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This minimalist home runs on solar power and rain harvesting

This minimalist home runs on solar power and rain harvesting


When Sarah Canlas and her siblings were kids, their parents would take them to visit a property in Antipolo they claimed would one day become their family’s rest house. Since then, the idea of having their own vacation home stayed with Canlas even after she became an architect. “It became a North Star to have a house in Antipolo,” she says. 

But what ended up becoming the unsubtly named Casa Canlas—a compact five-room house lodged into a landscape of rocks and plants, across from which sits a river—wasn’t that specific property but an unfinished house in Antipolo that belonged to the architect Benjee Mendoza, Canlas’s business partner. Initially, the plan was to build the rest house for his mother, but due to a change of plans, something to do with a “shifting family dynamic,” early last year Mendoza decided to halt construction and have Canlas take over.

“Without meaning to, our dream house became a reality because someone else had started it for us,” says Canlas. “From that serendipitous starting point, I continued the design development and construction of the project. It’s a work in progress up to now and I have a feeling it will never truly be finished.”

Feelings—more precisely, instinct—figured largely into Canlas’s approach in designing their family home, with most of her design choices being instinctive rather than intellectual. If a piece of art or a certain design choice didn’t fit well within the “in-betweens” of a space—that is, if it didn’t lend “wit” to the space, if it was there solely to impress rather than to evoke joy or certain memories—then the house wasn’t having it. 

“Who really lives that way?” Canlas says about the houses usually featured in magazines.

The pieces that give Casa Canlas its “lived, dynamic” character include the following: a rug that was originally used in their parents’ house, a Flos lamp, and an art piece by Allan Balisi that she fell in love with. Canlas specifically pointed out a Vipp trash can that was shown at The Museum of Modern Art (MoMA) a few years ago, saying that the world’s first-ever pedal-operated trash can was also an iconic piece of design. 

“Functionality is always a big consideration for us [Canlas family] because we’re all very active people. In this home I knew I didn’t want to overdecorate, so I mixed pieces and elements that were meaningful to us in some way. In the end I think we achieved what we wanted: a place where we can be ourselves to relax and reconnect with nature.”

Every room in Casa Canlas has, in some way, a connection to the environment in which it inhabits. Canlas often stays at the balcony on the second floor to listen to the river running and birds and crickets chirping (the area happens to be a government-protected bird sanctuary). The house is conducive to this kind of silent and solitary recreation, given that it’s a generally low-maintenance property—it relies on solar energy, rainwater harvesting, and lots of natural light.  Passive cooling also became one of the house’s key design features after Canlas decided to keep Mendoza’s original plans of open ventilation. Currently, there are plans of growing an edible garden, which will let the family cultivate their own food.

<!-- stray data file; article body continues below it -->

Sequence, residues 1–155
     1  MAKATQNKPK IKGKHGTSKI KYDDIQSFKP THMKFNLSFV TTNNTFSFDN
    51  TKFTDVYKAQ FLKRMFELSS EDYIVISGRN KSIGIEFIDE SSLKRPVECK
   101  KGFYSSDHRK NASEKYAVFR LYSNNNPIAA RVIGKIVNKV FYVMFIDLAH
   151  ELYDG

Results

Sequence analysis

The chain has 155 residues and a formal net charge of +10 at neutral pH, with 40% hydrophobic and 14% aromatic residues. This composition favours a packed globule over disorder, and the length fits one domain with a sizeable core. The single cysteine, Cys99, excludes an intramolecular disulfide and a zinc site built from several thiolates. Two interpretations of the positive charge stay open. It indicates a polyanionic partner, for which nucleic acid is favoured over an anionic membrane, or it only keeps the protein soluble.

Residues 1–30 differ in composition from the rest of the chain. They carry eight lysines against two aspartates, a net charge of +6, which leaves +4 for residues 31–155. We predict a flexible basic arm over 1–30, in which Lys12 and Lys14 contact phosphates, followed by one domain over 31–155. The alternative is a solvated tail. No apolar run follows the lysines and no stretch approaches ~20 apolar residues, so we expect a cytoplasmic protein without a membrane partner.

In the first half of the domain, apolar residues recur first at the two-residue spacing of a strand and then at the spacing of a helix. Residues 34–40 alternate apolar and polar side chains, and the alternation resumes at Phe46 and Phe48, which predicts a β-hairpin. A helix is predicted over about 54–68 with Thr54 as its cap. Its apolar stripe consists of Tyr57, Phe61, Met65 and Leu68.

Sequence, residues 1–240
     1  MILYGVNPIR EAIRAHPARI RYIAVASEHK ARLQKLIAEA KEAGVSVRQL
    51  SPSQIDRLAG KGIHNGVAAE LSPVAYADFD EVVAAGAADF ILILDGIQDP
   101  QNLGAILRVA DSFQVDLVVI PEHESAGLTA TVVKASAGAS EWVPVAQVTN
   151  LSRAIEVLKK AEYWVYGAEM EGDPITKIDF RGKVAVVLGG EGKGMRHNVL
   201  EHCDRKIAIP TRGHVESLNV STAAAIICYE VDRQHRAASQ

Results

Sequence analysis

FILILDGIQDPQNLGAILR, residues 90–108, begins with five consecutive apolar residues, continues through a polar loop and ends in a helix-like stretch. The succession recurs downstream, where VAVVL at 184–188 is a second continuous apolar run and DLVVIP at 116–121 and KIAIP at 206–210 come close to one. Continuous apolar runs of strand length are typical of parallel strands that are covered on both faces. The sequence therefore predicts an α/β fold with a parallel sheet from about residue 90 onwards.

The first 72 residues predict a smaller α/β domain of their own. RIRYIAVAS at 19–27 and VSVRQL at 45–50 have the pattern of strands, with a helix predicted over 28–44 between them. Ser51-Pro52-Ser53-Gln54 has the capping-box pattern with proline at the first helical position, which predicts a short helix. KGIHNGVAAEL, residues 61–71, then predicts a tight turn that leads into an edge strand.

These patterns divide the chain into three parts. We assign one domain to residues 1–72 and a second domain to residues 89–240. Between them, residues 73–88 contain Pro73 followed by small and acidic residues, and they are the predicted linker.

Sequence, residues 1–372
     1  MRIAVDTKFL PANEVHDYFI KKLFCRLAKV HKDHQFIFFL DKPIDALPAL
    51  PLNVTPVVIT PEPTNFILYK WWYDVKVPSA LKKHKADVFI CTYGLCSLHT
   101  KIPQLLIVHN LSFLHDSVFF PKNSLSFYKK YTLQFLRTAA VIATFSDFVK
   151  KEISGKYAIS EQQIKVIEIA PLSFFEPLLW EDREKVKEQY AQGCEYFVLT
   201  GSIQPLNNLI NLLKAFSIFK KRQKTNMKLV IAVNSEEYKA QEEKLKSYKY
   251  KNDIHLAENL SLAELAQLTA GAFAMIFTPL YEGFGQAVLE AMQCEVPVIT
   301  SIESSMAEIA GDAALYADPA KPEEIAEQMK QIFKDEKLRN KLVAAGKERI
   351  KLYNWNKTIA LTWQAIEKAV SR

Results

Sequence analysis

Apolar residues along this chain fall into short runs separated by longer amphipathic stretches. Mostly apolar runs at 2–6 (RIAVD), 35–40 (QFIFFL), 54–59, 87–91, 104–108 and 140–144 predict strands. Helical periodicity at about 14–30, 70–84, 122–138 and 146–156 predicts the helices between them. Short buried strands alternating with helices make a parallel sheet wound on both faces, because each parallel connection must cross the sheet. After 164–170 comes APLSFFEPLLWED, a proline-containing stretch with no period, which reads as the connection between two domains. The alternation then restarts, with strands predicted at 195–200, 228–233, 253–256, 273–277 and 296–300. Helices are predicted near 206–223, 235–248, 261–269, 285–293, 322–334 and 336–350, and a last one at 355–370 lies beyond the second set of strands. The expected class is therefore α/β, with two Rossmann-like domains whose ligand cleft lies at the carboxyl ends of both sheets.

As for the house layout, Canlas didn’t deviate from the original minimalist approach. “In this house I wanted to do away with too many rules to follow and so we deliberately left the finishes raw and honest. The landscaping design is also meant to look effortless even if we literally moved mountains to achieve what we have.”

But perhaps the easiest and most accurate way to talk about what went into designing this house is to simply refer to the name. Casa Canlas, born out of an inside joke between family and friends, was built with Canlas’s siblings and parents in mind. Given that they’re a family of creatives, it was important not only to have good design in terms of both aesthetics and functionality, but also to ensure that the space reflected who they were—or, in simpler terms, what they liked.

For instance, Canlas has turned the middle room into a music room, as she thought it only “made sense” for her family to have one. In that room, one would notice an eclectic record collection, as well as a long bookshelf divided into three sections, each of which reflects the interests of Canlas and her two sisters. (Dani is the co-founder of Type A Coffee; Anna is a writer).

While Canlas, as the family’s sole architect, took charge in designing the house, “I’d say they’re involved because I know [the family] very well. I know them so well that they trust me.”

Since early last year, when Canlas started building and designing their “North Star,” the house has seen new developments as well as new visitors: Last July 20, a one-day vintage sale called Okyo was held at Casa Canlas. The idea came to the 33-year-old architect after she went on a trip to Uzbekistan with some friends: “I find so many interesting things in my travels that I wish were available locally. I realized that oftentimes the value was really in our ‘eye’ for these finds rather than where or what we shopped for. This is how the name ‘Okyo’ came up—it’s based on the Italian word occhio, which means eye.”

Soon, Canlas will hold more Okyo events featuring more antique furniture, art, and clothing. These future iterations of the sale, besides reflecting Canlas’s dedication to sharing vintage pieces (“I like the idea of a circular economy”), parallels almost too closely her future plans for Casa Canlas:

“We plan to lease this house once it’s done. Who wouldn’t want to share that experience?”

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PHOTOGRAPHY JAR CONCENGCO © 2020. Hinge Inquirer Publications, Inc.